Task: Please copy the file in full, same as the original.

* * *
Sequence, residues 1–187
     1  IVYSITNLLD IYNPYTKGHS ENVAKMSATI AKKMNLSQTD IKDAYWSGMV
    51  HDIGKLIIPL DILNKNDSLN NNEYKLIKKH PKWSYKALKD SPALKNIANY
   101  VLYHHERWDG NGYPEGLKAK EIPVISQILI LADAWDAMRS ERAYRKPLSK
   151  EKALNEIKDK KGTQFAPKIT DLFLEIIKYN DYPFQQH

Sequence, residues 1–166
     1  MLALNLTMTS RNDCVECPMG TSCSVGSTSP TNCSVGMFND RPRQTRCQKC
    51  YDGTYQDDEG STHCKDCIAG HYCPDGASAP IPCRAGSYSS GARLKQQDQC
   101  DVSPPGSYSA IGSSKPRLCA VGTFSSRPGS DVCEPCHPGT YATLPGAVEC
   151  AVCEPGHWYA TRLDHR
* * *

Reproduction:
Sequence, residues 1–187
     1  IVYSITNLLD IYNPYTKGHS ENVAKMSATI AKKMNLSQTD IKDAYWSGMV
    51  HDIGKLIIPL DILNKNDSLN NNEYKLIKKH PKWSYKALKD SPALKNIANY
   101  VLYHHERWDG NGYPEGLKAK EIPVISQILI LADAWDAMRS ERAYRKPLSK
   151  EKALNEIKDK KGTQFAPKIT DLFLEIIKYN DYPFQQH

Sequence, residues 1–166
     1  MLALNLTMTS RNDCVECPMG TSCSVGSTSP TNCSVGMFND RPRQTRCQKC
    51  YDGTYQDDEG STHCKDCIAG HYCPDGASAP IPCRAGSYSS GARLKQQDQC
   101  DVSPPGSYSA IGSSKPRLCA VGTFSSRPGS DVCEPCHPGT YATLPGAVEC
   151  AVCEPGHWYA TRLDHR